Excel gets Python – who, when and why

Excel 365 now has access to the Python language and packages. We’ll explain what that means, who gets it and why Python in Excel is a big deal.

Python is a high-end and widely used programming language with many features in its many packages or add-ons. It’s this last bit that makes Python an important extension for Excel.

Why Python? What’s the big deal?

Why Python in Excel? Surely Excel has enough programming languages to be getting on with?  After all Excel already has Visual Basic, Javascript, Office Scripts, M language in PowerQuery and the entire range of functions/formulas already – why one more?

Python isn’t just a programming language. There are thousands of Python libraries that can do amazing things with just a few lines of code.  Instead of trying to copy all those features into Excel, Microsoft has chosen to make the Python library system available directly.

Python in Excel requirements

Before you get too excited, there are several requirements for getting Python access in Excel. Requirements that are usually hidden in the ‘fine print’ text.

Python in Excel is only available to some Microsoft 365 Insiders Beta Channel on Windows. Starting with build 16.0.16818.2000, but it’s a gradual rollout so if Python isn’t appearing in your Excel 365, be patient.

When Excel with Python goes public, it might be limited to only some high-end Microsoft 365 plans or there could even be an additional fee. All Microsoft’s saying now is “After the Preview, some functionality will be restricted without a paid license.” which is typically vague Microsoft-speak open to several interpretations (which paid licenses? separate paid license?).

Extra cost for Python access would be justified by the company because Microsoft has to supply special cloud infrastructure to make it all happen.

Do you have Python in Excel 365?

See if you have Python features in Excel 365 by trying to insert the new PY() function. In a new cell type =PY and see if the function appears on the list.

Python Charting in Excel

Excel Charting has been getting old and tired compared to other products.  Python libraries like Matplotlib or seaborn can make charts that Excel alone can’t even imagine.

Source: Microsoft

Predictions, Forecasting and Machine Learning

Using scikit-learn or statsmodels libraries, add forecasting, machine learning and predictive analysis.

Data Cleaning and Normalization

Excel has limited options for tidying up or normalizing data before analysis.  PowerQuery was an improvement but there’s still a lot needed.

Enter Python with access to obvious options like removing duplicates and find missing values but also proper Regular Expressions.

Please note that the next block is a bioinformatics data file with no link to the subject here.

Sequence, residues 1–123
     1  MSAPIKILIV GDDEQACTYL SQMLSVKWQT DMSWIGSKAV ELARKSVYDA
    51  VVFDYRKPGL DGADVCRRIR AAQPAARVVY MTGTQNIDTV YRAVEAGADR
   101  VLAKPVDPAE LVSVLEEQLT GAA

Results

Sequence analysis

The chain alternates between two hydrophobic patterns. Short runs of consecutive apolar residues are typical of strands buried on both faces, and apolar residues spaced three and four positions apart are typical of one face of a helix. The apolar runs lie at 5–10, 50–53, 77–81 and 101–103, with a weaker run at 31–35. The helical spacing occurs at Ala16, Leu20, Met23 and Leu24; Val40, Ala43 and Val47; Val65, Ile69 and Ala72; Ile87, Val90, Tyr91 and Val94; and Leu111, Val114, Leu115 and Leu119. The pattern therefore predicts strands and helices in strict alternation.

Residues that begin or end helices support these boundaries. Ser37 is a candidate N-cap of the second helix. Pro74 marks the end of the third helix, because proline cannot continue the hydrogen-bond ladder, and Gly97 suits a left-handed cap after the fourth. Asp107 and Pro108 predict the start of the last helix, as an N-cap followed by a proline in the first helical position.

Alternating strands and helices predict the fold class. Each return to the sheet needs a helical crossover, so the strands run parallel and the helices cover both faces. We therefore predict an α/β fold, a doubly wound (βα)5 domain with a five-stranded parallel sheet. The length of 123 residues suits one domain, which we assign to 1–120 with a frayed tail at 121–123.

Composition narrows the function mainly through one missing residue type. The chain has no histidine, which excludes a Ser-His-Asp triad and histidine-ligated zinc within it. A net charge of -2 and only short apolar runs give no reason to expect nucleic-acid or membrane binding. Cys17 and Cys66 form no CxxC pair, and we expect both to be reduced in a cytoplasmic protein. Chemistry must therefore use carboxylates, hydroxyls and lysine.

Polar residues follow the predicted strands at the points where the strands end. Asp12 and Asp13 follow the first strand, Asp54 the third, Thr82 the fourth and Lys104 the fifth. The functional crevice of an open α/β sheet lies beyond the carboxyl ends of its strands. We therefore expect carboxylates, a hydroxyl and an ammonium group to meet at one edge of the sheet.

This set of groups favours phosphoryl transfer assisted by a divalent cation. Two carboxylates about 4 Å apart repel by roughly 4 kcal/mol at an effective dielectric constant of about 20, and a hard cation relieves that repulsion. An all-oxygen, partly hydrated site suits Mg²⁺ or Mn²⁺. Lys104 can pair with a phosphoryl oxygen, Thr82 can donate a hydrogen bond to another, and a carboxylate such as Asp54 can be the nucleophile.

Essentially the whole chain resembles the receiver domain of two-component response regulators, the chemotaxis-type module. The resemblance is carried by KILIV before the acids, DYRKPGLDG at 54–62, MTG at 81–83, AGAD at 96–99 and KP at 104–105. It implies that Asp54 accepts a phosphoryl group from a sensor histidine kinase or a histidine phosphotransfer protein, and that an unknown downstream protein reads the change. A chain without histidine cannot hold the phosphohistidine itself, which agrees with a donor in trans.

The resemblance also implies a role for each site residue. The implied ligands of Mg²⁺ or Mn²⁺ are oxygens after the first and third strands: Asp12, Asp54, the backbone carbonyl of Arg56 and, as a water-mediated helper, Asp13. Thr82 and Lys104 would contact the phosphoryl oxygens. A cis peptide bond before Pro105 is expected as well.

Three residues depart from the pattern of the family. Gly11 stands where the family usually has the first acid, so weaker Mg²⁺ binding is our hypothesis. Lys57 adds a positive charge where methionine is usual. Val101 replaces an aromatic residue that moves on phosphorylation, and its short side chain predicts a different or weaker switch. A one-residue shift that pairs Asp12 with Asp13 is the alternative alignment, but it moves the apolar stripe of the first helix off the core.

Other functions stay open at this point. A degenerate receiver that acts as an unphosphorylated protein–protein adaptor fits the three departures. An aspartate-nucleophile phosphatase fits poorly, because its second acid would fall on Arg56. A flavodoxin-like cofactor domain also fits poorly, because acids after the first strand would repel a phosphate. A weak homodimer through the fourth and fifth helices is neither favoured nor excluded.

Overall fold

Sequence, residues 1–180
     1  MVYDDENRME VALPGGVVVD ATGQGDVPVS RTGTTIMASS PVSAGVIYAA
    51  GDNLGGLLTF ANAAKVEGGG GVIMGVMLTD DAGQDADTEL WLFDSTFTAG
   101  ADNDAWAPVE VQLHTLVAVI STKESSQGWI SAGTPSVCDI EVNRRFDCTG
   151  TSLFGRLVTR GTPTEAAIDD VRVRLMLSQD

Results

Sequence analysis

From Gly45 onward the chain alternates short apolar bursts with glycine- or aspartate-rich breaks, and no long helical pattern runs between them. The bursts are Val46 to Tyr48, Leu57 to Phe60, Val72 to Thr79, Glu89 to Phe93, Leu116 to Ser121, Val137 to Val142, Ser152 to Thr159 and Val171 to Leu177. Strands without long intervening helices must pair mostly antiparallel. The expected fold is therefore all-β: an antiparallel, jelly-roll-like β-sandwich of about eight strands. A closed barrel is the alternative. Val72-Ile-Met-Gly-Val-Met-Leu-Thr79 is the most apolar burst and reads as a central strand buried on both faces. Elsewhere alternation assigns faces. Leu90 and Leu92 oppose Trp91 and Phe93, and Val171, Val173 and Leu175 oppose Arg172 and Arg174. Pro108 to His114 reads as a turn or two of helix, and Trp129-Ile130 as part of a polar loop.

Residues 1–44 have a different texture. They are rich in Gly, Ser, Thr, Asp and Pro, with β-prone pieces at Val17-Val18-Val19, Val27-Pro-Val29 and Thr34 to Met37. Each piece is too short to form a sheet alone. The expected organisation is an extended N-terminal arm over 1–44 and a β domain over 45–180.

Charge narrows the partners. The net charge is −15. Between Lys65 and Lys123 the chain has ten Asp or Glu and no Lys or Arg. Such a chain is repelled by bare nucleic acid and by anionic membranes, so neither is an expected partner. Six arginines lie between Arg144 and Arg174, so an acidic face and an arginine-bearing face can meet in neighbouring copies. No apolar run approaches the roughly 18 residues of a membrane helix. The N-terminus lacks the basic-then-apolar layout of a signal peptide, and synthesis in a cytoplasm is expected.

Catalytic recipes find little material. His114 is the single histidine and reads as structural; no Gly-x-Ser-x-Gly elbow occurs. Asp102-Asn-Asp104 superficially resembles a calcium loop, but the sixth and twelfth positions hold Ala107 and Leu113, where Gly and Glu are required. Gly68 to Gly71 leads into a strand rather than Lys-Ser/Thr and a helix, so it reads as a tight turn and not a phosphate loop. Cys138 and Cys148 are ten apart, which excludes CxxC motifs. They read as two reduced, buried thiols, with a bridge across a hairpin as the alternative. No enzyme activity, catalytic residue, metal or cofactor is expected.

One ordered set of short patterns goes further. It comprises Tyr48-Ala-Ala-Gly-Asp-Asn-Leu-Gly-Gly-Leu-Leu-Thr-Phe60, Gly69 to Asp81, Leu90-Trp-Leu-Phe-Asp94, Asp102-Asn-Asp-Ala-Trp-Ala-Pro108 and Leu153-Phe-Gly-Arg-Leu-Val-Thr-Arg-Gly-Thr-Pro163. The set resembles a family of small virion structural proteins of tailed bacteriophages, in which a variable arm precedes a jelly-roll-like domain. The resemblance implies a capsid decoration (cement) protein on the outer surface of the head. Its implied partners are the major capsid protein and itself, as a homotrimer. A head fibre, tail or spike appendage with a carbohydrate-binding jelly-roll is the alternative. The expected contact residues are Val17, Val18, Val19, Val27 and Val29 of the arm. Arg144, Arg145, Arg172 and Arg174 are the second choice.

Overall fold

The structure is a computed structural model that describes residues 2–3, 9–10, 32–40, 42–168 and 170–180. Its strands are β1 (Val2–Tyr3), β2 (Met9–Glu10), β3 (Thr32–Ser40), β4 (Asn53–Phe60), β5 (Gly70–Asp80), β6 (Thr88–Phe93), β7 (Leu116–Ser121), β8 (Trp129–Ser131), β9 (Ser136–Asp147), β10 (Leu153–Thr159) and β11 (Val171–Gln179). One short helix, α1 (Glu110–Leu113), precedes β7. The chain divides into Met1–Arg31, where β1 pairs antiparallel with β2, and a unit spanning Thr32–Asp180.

PowerQuery and Python

With all the data cleaning and visualization power, a natural question is how Python integrates with PowerQuery.

There’s no direct Python link into PowerQuery, however tables made by PowerQuery into an Excel worksheet do work with Python.

How Python works in Excel

Python does NOT run in Excel on your computer, it’s a cloud service.  The new Excel PY() function connects to Microsoft’s servers, sets up a Python instance and runs the code you’ve setup.

The company makes its usual vague privacy promises, but the hard fact is still that your Excel data and code is passed to Microsoft.  The company can copy that information and share with others, they might be legally required to.  In other words, the same privacy risk that applies to all cloud services.

You can’t link Excel to an alternative Python instances, for example running on the same computer or an in-house company server.

Learn More

There are already many resources explaining Excel with Python. Excel and Python enthusiasts are very interested. Experts in both Excel and Python are so excited they need medication to calm themselves😁

Microsoft’s Getting Started page is a good place to start in understanding the crucial differences in how the PY() function works. In particular the difference between a result being added as a simple Excel value into a cell or a Python object especially the DataFrame object.

Anaconda (who is supplying the Python code and packages to Microsoft) has an opening page usefully split into help with Excel users who need to understand Python or Python users coming to Excel.  Scroll down to the Resources including a sample Excel template.